“Sergeant Baines,” he said ominously, motioning Baines out of sight of the four reporters. The press reps were already at the refreshments table, dribbling coffee on the white tablecloth, and gulping down canapés while two of their cameramen — one white and one Asian, both looking like bored teenagers — were setting up their tripods and pointing their lenses at the podium.

“Sir.” Here it comes, Baines thought.

“This should be very simple by now,” said Major Carroll. “My papers are left-center and squared.” He handed the three sheets to Baines. “Because I turn the pages to right. The curtains are exactly six feet on either side of center. Pitcher on the right, because I am right-handed, glass on the left.”

“Yes, sir.” Why you talk so white, motherfucker? ‘My papers are left-centered on the podium.’

“Don’t yes sir me unless you understand, Sergeant.”

“I understand, sir.” Understand you got that Colonel’s dick in your mouth.

“Then why wasn’t it done?”

“Sir . . .”

“No! No excuses. They’re already out there.” Baines was silent, expressionless, standing now at attention. “Well, get it done, Sergeant.”

Baines went to adjust the curtains, pulling his humiliation in close to him like a hungry baby. Through the open door of the dressing room, he glanced Anita checking her appearance in the mirror over the sink, tucking an escaped strand of dark brown hair behind her ear. Baines switched the glass and the pitcher of water on the podium. So this yella-ass suck-up can read his fuckin’ lines.

Five more noisy reporters entered the room whooping at some inside joke. Two of them, cameramen, naturally, headed to the front row of perfectly aligned folding chairs and began assembling kits. The other three — a fortyish man who could stand in the prop blast of a C-130 without a hair stirring on his gelled head, and two self-consciously blue-jeaned women, one a skinny bottle-blonde and the other a redhead with a high-in-the-back yuppy cut — headed straight for the gourmet coffee and the canapés.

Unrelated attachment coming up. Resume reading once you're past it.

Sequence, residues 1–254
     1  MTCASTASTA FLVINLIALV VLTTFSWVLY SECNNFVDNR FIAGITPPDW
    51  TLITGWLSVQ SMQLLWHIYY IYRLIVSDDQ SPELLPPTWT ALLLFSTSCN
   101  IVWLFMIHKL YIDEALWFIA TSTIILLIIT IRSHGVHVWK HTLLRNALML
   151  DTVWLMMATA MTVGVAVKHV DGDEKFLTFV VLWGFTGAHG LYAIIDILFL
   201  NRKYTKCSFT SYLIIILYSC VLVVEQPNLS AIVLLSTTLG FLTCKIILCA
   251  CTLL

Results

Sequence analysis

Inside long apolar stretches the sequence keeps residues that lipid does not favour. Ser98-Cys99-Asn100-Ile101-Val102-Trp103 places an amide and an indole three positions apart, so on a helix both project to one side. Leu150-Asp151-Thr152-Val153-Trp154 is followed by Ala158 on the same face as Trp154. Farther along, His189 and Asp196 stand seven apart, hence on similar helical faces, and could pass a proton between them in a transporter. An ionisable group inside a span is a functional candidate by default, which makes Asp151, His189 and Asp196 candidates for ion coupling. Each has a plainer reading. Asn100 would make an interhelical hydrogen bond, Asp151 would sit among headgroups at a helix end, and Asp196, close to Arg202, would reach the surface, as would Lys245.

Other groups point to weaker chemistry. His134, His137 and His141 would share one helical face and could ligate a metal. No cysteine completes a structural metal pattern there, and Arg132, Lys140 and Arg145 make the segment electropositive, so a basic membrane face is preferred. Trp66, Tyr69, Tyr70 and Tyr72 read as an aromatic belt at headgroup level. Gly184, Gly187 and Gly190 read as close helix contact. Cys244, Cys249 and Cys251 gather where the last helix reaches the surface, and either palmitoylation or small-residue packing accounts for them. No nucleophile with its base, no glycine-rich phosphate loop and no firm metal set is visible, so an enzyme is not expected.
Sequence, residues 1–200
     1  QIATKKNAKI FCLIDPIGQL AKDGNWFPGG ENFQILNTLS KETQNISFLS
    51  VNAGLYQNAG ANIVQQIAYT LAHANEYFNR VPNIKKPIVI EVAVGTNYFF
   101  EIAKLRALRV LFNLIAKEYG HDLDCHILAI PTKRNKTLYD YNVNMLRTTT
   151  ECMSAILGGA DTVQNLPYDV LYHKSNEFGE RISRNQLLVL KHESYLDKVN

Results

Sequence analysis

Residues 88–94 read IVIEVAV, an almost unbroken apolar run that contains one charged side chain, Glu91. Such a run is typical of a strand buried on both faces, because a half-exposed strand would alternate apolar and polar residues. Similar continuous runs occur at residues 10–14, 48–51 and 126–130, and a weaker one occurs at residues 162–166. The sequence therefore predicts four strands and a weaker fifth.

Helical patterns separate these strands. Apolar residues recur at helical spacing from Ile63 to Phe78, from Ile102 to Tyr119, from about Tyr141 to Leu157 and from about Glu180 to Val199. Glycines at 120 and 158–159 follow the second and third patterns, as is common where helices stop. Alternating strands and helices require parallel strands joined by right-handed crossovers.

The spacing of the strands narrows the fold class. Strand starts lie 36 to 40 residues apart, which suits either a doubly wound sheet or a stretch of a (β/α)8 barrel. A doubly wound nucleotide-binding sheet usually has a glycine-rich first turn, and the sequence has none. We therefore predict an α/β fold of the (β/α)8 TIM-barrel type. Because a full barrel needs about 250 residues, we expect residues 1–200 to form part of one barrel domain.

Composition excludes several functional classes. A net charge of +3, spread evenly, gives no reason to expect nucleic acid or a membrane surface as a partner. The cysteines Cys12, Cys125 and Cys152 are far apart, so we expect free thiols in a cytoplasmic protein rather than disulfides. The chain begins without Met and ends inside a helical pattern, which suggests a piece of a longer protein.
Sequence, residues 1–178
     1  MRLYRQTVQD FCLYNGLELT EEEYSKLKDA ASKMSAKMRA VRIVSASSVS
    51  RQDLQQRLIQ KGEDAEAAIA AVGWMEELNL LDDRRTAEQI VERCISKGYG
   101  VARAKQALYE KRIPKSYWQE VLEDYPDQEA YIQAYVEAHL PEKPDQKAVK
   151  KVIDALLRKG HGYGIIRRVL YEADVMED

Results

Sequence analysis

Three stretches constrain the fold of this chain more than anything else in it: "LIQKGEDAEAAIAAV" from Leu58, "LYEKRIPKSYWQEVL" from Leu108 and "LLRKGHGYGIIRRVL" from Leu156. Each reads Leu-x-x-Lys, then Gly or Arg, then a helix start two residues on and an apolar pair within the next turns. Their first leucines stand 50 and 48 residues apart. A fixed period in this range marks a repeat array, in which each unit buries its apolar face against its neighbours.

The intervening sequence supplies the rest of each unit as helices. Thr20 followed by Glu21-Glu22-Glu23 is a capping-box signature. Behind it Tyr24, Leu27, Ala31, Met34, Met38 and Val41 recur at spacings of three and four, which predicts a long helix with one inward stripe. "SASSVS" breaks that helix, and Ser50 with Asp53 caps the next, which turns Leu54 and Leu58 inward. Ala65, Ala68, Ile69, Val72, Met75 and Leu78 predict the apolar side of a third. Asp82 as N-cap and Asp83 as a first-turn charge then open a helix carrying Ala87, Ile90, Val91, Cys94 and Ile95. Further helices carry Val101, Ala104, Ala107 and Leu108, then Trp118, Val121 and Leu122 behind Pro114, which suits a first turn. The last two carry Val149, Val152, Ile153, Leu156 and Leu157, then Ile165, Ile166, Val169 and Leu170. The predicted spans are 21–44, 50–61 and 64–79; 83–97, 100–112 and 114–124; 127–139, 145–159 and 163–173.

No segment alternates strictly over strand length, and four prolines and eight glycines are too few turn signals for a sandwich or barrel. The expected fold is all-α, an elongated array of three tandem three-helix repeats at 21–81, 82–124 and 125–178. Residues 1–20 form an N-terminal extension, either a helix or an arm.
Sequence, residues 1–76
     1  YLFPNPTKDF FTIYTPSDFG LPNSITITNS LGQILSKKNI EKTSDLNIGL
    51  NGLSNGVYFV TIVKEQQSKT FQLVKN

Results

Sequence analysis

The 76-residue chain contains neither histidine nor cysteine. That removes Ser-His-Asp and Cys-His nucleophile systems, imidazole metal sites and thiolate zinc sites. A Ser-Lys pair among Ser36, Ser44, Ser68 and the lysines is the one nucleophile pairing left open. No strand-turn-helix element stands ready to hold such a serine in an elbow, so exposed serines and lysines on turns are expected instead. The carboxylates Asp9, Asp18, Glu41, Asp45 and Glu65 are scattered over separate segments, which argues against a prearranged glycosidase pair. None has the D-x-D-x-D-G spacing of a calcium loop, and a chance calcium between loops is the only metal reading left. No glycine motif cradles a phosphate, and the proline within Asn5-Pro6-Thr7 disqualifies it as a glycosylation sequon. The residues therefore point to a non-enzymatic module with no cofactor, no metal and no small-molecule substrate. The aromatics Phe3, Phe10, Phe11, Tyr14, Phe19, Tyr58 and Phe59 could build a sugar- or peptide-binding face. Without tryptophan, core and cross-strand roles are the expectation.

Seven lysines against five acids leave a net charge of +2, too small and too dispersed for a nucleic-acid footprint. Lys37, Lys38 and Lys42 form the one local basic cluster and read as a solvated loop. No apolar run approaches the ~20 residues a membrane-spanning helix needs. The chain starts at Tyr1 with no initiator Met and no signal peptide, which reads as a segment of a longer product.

Major Carroll knew the redhead, Rosemarie something, stringing for Fox. She always looked at him like he was a slice of spiced bread with mango jelly. The blonde was Connie Mason — a stringer, too, but she got her name in the New York Times more often than some people who were on staff. The gel-head was George Yowell, from TCN International — a twit, thought Carroll, but an important twit. No one’s stringer, he was a bona fide news personality “reporting from the front lines.” The man had an audience, including now and again the Commander-in-Chief. Be nice. George was going to be in Kabul for the next week to consolidate his chops as a “war reporter.”

They couldn’t care less about the fuckin’ curtains, Baines brooded, watching from the wings as reporters crammed smoked salmon and goat cheese into their mouths and masticated like cattle.

Carroll was in the dressing room, checking himself in the mirror. Baines watched from the wings. Vain bastard. Got this job because he was pretty. Oh, and willing to bury his lips deep in that Colonel’s ass. Always tryin’ too hard not to be scary-black. Like maybe a tennis player or one of them friendly, harmless homos.